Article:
U.S. architecture firms have experienced a near complete recovery from the Great Recession, which has allowed firm leaders to reinvest profits back into their businesses. These findings, along with an in depth look at topics such as firm billings, staffing, and international work, are covered in the “The Business of Architecture: 2016 Firm Survey Report”.  The report offers metrics that provide insights into how architecture firms are operating and is available for purchase here.

“More than at any point in recent memory, there has been rise in the amount of renovation projects that architects have led compared to new construction activity over the past decade plus,” said AIA chief economist, Kermit Baker, Hon. AIA, PhD.  “A lot this has to do with green building incentives towards renovations, improved construction methods and products that increase the longevity of buildings, and a slower growing population that reduces the need for new construction.”

Key highlights:

  • Net billings at architecture firms were $28.5 billion at the peak of the market in 2008 and had nearly recovered to $28.4 billion by 2015.
  • Percentage of firms reporting a financial loss declined sharply in recent years from more than 20 percent in 2011 to fewer than 10 percent by 2015.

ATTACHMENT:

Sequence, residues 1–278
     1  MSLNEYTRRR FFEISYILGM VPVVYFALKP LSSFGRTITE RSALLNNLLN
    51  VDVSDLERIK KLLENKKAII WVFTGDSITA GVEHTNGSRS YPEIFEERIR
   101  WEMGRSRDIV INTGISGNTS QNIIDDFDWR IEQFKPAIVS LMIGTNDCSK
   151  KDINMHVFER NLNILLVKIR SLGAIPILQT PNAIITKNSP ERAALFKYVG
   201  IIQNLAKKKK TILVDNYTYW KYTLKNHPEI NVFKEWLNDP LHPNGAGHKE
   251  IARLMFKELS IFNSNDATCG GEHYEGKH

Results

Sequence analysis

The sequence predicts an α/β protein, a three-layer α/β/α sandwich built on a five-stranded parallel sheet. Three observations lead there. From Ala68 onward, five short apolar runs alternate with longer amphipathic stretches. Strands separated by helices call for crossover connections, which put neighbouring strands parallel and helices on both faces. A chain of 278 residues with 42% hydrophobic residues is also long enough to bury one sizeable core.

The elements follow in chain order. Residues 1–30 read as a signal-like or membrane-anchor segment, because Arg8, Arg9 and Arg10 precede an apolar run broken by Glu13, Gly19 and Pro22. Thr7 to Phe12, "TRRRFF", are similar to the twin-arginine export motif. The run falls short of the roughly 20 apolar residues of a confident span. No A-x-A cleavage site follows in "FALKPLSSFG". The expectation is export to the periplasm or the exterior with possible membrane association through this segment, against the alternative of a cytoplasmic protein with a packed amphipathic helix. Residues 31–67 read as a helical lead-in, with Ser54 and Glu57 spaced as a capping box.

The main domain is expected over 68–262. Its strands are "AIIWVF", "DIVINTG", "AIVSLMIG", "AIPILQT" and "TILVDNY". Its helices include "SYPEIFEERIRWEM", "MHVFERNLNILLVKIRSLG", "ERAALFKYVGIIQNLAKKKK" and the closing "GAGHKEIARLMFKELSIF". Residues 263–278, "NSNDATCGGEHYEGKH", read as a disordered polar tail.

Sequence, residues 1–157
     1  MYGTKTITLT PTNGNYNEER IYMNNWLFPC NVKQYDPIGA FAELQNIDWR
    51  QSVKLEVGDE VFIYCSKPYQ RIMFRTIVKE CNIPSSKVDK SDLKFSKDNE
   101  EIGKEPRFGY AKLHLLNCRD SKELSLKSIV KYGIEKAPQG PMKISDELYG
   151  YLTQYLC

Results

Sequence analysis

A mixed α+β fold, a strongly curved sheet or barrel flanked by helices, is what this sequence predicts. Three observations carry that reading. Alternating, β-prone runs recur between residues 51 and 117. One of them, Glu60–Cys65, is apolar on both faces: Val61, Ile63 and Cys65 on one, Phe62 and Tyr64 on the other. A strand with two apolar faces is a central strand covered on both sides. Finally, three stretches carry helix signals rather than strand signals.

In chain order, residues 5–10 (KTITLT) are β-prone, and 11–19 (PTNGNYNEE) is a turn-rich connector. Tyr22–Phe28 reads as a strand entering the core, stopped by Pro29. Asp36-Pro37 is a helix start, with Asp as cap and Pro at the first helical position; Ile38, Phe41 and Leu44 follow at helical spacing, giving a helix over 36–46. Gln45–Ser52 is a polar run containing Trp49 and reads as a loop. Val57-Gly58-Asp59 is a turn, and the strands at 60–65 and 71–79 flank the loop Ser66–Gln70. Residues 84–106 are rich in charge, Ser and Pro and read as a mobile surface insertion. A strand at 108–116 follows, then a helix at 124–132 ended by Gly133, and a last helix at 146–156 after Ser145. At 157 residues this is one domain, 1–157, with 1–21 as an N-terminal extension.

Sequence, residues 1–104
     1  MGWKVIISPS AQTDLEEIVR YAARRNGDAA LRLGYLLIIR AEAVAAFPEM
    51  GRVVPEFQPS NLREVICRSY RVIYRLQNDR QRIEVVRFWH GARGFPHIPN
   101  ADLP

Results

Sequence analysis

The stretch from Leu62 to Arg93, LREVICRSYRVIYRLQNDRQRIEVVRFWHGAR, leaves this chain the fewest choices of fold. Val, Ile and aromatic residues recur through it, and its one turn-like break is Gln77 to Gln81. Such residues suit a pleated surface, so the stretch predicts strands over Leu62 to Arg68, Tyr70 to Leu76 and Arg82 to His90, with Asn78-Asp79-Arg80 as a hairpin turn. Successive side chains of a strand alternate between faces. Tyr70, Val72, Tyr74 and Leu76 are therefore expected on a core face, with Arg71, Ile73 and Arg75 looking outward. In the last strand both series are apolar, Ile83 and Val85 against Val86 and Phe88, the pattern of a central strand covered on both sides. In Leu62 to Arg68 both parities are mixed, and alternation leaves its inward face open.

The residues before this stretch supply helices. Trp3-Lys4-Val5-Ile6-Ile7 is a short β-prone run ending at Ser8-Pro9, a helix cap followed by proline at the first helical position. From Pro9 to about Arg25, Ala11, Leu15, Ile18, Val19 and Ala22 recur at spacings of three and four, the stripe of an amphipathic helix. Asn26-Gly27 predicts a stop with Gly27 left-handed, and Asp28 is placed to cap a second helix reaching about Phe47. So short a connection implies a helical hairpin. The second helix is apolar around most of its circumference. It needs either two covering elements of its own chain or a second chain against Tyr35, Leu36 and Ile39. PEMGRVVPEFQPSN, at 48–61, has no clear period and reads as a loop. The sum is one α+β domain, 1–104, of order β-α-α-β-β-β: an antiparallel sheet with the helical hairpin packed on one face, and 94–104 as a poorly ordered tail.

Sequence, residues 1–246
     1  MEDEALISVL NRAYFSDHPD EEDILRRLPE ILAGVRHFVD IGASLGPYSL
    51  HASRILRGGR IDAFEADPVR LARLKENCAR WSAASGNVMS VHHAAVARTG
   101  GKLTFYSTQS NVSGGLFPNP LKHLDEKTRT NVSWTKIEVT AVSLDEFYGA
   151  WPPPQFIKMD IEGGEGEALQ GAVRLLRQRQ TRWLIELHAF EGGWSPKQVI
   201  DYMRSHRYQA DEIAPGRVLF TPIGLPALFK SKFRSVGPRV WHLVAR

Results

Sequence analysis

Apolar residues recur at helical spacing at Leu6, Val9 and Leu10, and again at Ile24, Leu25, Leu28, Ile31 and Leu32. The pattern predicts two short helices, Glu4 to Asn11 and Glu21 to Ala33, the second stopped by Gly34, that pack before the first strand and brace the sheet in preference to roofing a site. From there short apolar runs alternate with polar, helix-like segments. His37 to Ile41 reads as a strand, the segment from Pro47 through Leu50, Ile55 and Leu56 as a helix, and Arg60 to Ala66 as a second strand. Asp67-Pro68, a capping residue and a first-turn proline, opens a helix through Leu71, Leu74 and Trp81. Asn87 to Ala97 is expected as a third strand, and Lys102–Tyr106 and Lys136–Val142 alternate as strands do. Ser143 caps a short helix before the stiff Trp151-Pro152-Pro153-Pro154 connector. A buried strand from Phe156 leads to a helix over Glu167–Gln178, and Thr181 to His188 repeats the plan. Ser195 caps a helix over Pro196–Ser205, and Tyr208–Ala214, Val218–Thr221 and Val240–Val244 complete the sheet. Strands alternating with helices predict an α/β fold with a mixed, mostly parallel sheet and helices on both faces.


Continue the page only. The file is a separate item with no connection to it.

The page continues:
• Growing profitability has allowed firms to increase their marketing activities and expand into new geographical areas and building types to diversify their design portfolios.
  • Renovations made up a large portion of design work with 45 percent of building design billings coming from work on existing facilities, including 30 percent from additions to buildings, and the remaining from historic preservation projects.
  • Billings in the residential sector topped $7 billion, more than 30 percent over 2013 levels.
  • Modest gains in diversity of profession with women now comprising 31 percent of architecture staff (up from 28 percent in 2013) and minorities making up 21 percent of staff (up from 20 percent in 2013).
  • Use of Building Information Modeling (BIM) software has become standard at larger firms with 96 percent of firms with 50 or more employees report using it for billable work (compared to 72 percent of mid-sized firms and 28 percent of small firms).
  • Newer technologies including 3D printing and 4D/5D modeling are reported being used at only 11 percent and 8 percent of firms respectively.
  • Energy modeling currently has a low adoption rate with 13 percent of firms using it for billable work, although this share jumps to 59 percent for large firms.